>>> something in print commercially as long as the copyright on the
>>> new version lasts. If they take it out of print, I think
>>> everything should revert back to the US taxpayers. Universal
>>> could choose to make its "claim" and then sub-license material to
>>> Mosaic or other boutique labels, but the material must remain in
>>> print and royalties be paid to the Treasury in order for
>>> Universal to have its exclusive bite of the apple.
>>> 4. Anything not chosen to be commercialized by Universal should
>>> be put in the public domain by the LOC. There may have to be a
>>> download charge of some sort in order to pay performance or
>>> publishing royalties, where these are still due. If none of these
>>> royalties are due, then the material should be widely available
>>> for free to its owners, the US taxpayers. Obviously, the way to
>>> do this is via a free download site. All of this could be
>>> supported by the royalties from what Universal chooses to
>>> commercialize. I can see that the LOC might need to charge a
>>> small amount to support all of this, rates akin to Amazon and
>>> iTunes downloads would seem reasonable (ie market prices). The
>>> goal of the PD element is not to get something for nothing as
>>> much as to get all this stuff back in print and readily available
>>> to be enjoyed.
>>> One taxpayer's views ...
>>> -- Tom Fine
>>> ----- Original Message ----- From: "Karl Miller"
>>> <[log in to unmask]>
>>> On 1/10/2011 11:14 AM, Karl Miller wrote:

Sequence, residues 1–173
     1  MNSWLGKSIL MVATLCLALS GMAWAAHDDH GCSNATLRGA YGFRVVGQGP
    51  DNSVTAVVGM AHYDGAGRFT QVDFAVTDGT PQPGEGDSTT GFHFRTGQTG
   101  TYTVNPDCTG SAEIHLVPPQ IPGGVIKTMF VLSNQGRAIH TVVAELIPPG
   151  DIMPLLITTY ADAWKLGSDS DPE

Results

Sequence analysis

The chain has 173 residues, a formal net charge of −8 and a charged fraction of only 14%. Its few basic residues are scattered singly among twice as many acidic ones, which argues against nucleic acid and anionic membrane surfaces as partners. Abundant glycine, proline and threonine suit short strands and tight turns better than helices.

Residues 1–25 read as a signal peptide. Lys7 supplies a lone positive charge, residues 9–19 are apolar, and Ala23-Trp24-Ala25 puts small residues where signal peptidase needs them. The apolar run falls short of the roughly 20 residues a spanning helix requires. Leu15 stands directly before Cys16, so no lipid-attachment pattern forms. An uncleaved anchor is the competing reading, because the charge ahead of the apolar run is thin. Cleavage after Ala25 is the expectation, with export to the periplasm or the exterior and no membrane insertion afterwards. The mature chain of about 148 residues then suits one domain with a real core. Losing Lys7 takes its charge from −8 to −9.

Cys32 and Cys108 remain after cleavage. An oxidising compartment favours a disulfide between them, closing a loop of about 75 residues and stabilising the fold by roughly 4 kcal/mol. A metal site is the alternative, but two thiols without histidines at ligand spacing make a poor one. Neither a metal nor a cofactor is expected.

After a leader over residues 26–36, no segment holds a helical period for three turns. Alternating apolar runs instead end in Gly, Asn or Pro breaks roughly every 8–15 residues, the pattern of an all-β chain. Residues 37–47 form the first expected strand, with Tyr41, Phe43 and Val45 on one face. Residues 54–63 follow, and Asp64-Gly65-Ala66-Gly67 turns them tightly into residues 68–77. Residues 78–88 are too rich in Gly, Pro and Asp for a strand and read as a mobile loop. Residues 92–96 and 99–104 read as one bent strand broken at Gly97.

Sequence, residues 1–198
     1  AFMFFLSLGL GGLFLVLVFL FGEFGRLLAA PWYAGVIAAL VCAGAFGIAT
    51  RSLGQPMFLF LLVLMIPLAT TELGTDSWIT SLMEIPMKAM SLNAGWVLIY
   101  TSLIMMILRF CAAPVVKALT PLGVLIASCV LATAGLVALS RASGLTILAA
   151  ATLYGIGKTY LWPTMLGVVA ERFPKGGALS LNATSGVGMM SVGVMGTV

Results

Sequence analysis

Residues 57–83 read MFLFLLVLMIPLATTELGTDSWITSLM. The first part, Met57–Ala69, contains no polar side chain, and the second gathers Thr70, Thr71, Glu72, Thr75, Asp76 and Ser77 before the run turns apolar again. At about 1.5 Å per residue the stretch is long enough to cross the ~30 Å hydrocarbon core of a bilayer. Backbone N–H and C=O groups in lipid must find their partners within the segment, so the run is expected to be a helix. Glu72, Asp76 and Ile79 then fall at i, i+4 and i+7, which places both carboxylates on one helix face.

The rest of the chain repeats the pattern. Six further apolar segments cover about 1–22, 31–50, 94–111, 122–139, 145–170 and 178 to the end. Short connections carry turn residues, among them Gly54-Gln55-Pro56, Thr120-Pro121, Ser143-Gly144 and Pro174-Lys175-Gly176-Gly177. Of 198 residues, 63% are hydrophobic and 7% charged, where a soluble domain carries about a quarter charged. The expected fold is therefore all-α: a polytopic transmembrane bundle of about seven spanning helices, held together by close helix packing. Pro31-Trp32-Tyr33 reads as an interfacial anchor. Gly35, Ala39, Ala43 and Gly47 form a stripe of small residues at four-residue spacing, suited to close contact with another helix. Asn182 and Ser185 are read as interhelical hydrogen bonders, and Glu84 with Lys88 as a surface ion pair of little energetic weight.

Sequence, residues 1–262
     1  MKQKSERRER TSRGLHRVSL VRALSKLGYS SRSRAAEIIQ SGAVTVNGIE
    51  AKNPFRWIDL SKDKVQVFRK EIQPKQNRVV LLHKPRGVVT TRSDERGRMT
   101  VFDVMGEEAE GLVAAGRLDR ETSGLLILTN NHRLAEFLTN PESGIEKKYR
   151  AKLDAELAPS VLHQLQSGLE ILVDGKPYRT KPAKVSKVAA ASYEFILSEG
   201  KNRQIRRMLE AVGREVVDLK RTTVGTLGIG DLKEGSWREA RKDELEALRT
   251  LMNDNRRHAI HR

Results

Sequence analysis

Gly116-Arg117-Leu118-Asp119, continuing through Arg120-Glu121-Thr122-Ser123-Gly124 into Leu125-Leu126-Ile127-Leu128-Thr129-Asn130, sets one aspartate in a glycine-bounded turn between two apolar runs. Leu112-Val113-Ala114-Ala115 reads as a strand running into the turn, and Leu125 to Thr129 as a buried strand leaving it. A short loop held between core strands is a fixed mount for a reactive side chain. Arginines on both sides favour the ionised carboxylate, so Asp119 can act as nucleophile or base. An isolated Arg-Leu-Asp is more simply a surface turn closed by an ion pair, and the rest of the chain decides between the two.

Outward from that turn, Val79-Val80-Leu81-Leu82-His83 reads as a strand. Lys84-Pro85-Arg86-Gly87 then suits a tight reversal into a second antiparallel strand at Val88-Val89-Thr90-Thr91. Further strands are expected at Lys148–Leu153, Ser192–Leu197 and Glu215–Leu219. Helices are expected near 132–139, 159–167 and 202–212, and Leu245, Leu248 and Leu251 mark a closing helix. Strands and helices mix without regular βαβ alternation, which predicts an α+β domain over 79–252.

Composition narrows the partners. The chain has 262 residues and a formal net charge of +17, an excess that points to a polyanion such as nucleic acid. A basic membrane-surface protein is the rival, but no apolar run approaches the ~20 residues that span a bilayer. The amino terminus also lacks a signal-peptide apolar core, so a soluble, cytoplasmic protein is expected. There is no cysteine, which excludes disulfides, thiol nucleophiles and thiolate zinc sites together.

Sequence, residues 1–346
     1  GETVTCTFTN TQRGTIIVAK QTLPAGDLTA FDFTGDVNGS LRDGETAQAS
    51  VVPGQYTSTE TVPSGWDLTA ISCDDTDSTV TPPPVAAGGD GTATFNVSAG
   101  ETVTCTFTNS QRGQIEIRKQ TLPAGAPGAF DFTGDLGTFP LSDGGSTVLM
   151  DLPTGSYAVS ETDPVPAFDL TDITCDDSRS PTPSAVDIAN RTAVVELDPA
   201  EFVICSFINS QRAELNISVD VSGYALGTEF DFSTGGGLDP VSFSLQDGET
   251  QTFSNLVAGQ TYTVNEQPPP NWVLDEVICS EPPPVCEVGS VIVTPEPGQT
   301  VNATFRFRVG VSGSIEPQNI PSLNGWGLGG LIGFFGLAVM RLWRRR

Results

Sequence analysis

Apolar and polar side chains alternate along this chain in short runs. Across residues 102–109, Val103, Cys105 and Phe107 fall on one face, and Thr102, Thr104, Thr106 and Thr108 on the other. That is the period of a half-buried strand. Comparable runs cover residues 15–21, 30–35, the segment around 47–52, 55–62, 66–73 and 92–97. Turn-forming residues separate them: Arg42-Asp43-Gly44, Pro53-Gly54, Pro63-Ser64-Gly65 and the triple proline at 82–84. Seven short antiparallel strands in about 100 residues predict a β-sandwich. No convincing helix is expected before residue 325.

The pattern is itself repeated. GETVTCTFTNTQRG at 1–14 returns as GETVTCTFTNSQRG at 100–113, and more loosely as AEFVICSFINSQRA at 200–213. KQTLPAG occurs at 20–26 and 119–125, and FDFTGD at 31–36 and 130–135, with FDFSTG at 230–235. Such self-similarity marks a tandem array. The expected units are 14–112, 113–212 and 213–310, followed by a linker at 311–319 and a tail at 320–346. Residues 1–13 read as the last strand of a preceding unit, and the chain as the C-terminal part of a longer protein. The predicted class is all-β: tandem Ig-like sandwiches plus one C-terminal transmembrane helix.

>>>> If you read the article below you will not that Universal will
>>>> retain copyright ownership to their recordings.
>>> --- On Mon, 1/10/11, Michael Biel <[log in to unmask]> wrote:
>>> That is the same deal that the NBC collection is under.
>>> Same as most of the unique recordings held at LOC and other
>>> institutions...yet as we approach copyrights in perpetuity, the
>>> rationale for spending taxpayer money for this sort of activity
>>> seems questionable to me, especially when there will not be
>>> reasonable access and even more so when the copyright owner has
>>> stated upfront that they plan to use the digitized recordings for
>>> their own profit.
>>> Will LOC get a cut of the profit from the sale of the recordings
>>> they have digitized?
>>> For me, there are substantive ethical questions on both sides of
>>> the argument, but it seems to me that there is room for
>>> questioning the use of public funds for this purpose.